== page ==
Performance Inhibitor #3: Fatigue
Leaden legs, diminished energy, crushed spirit—we’ve all experienced the bonk, when the body rebels against what the brain insists upon, and running slows or stops altogether. This is short-term fatigue, according to Davis, versus long-term fatigue, which is the consistent feeling of exhaustion despite cutting back on training. “The two main things in terms of nutrition we look at first: Is there an adequate intake of food and fluid, and is the timing and balance right? You have to remain hydrated throughout the day and it’s not just about eating carbs—you do need fat and protein,” Davis says.
Enhance recovery with nutrient timing. “There’s two hugely important times for recovery and prevention of fatigue when it comes to running: The first 30 minutes after a run is finished, and an hour before you go to bed.” After a workout, Davis recommends that runners drink 24 ounces of fluid per pound of body weight lost, and eat a sufficient amount of carbs—1 to 1.2 grams of carbs and six to 20 grams of protein. For example, post-run, a 70kg (154 pound) runner could eat one regular-sized whole-wheat bagel with two tablespoons of nut butter to fulfill these requirements. Not eating for two hours or more after a workout can contribute to long-term fatigue.
Runners who train first thing in the morning should eat a snack an hour before bed that’s heavy in carbs with some protein and a small amount of fat to fuel the morning run. “Some people eat dinner at 6 p.m., but don’t go to bed until midnight,” she says. “That’s six hours that they’re leaving between bed and dinner, so they [should] eat something small before they go to bed.”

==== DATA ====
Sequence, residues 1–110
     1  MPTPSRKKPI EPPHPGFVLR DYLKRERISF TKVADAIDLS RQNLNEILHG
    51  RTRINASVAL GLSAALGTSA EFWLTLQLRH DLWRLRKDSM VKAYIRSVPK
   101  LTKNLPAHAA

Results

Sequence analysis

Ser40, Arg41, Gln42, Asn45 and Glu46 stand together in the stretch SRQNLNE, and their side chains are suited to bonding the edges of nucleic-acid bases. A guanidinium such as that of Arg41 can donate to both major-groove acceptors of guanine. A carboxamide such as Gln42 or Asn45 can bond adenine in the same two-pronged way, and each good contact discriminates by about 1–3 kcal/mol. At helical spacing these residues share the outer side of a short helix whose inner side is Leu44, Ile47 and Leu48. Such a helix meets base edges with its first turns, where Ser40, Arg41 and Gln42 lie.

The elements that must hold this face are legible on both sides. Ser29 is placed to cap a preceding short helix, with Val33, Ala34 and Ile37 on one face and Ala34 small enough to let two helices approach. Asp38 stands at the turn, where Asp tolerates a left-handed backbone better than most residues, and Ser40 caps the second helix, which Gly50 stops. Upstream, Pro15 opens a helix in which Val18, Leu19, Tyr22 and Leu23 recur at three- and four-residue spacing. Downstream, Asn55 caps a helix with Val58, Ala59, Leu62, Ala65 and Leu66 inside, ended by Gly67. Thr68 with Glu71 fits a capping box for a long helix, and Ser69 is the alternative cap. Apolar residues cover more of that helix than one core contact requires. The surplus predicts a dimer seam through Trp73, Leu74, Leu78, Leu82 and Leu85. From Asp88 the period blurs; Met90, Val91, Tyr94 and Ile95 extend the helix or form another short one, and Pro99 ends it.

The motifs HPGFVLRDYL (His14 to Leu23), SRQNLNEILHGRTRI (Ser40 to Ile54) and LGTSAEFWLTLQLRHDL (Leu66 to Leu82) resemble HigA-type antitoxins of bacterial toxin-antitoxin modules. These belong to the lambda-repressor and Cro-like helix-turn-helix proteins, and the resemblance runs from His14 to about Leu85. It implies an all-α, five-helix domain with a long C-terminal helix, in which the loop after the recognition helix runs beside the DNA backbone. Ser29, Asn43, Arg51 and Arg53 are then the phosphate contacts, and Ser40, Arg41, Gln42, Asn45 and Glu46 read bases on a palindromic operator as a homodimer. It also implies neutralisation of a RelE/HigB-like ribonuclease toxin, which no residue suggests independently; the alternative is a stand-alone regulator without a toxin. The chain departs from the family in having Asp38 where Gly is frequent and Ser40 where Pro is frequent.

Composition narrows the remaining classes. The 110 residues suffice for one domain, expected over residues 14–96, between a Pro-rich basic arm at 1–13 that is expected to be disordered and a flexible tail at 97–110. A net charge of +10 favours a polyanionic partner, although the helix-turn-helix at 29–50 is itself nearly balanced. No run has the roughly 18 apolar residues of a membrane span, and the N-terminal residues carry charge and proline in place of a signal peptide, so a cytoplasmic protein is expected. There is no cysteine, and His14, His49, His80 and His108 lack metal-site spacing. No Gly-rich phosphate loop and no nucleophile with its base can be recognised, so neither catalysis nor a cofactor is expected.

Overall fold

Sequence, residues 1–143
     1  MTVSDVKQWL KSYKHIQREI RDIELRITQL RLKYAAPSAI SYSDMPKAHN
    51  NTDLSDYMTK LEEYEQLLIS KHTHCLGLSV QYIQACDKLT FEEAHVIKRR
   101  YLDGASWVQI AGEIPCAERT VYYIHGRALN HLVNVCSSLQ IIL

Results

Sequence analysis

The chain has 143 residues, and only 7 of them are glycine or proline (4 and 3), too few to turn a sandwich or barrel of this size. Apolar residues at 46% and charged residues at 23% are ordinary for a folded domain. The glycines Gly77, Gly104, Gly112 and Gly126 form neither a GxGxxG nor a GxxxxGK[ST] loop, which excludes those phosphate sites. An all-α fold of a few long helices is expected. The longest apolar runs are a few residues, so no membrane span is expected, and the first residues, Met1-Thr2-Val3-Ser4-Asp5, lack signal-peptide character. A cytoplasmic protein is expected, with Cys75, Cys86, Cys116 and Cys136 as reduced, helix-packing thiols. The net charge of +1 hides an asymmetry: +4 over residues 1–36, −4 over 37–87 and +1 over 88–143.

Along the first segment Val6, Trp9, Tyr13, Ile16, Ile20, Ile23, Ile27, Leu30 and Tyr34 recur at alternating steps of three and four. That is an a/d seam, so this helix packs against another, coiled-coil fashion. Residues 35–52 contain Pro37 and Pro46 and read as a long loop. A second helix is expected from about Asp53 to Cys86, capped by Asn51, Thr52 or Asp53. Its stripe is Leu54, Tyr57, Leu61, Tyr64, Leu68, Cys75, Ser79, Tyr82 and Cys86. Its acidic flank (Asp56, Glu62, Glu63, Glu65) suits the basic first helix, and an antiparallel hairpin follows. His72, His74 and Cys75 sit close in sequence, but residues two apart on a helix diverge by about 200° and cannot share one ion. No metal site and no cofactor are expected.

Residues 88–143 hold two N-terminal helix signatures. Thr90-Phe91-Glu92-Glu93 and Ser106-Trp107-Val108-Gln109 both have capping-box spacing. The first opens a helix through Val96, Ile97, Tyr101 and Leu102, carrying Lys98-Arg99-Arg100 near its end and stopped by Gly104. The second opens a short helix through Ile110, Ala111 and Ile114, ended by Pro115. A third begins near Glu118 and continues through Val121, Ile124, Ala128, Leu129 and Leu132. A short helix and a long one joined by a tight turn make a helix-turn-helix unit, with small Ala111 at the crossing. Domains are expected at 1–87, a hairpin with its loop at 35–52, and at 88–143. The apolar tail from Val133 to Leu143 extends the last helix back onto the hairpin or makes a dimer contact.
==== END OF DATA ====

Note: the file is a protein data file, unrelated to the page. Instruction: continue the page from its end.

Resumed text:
Establish healthy sleep patterns. “People underestimate how important sleep is in recovery and preparing for the workout the next day,” says Davis. “The guideline is seven to nine hours of [uninterrupted] sleep per night.” Write down the quality and number of hours you sleep each night for a week to track any patterns. “Try to follow the same sleep times each night,” Davis advises. “It’s hard for your body to adjust to going to bed at 10 one night and midnight the next.”
Eat before long runs. Starting a long run without anything in the stomach is like attempting to drive with an empty gas tank. Davis recommends drinking two cups of a sports drink or water as soon as you wake up, so by the time you’re ready to run, the fluid has made it to your muscles. Also, eat easy-to-digest carbs either before or every 20 minutes during the run.
Don’t neglect sodium. “The most important electrolyte during running is sodium because that’s what you’re losing most quickly,” Davis says. Sports drinks provide a balance of electrolytes, or you can make your own emulsion by mixing equal parts juice and water with a pinch of salt.
Prevent, or cope with, iron deficiency. “Runners are more susceptible to iron deficiency because the impact of heel striking breaks down red blood cells, which carry oxygen throughout the body.” Davis says. More so, iron deficiency occurs more frequently in female runners as well as vegans or vegetarians because many sources of iron come from animal foods. Before testing a runner for iron deficiency, Davis evaluates the areas mentioned above. The severity of the anemia will determine the course of treatment—someone with a serious deficiency will require the doctor-monitored use of an iron supplement. If iron levels are a little low, Davis recommends eating foods high in iron such as lean beef and dark, leafy green vegetables with foods high in vitamin C, as they promote the absorption of iron.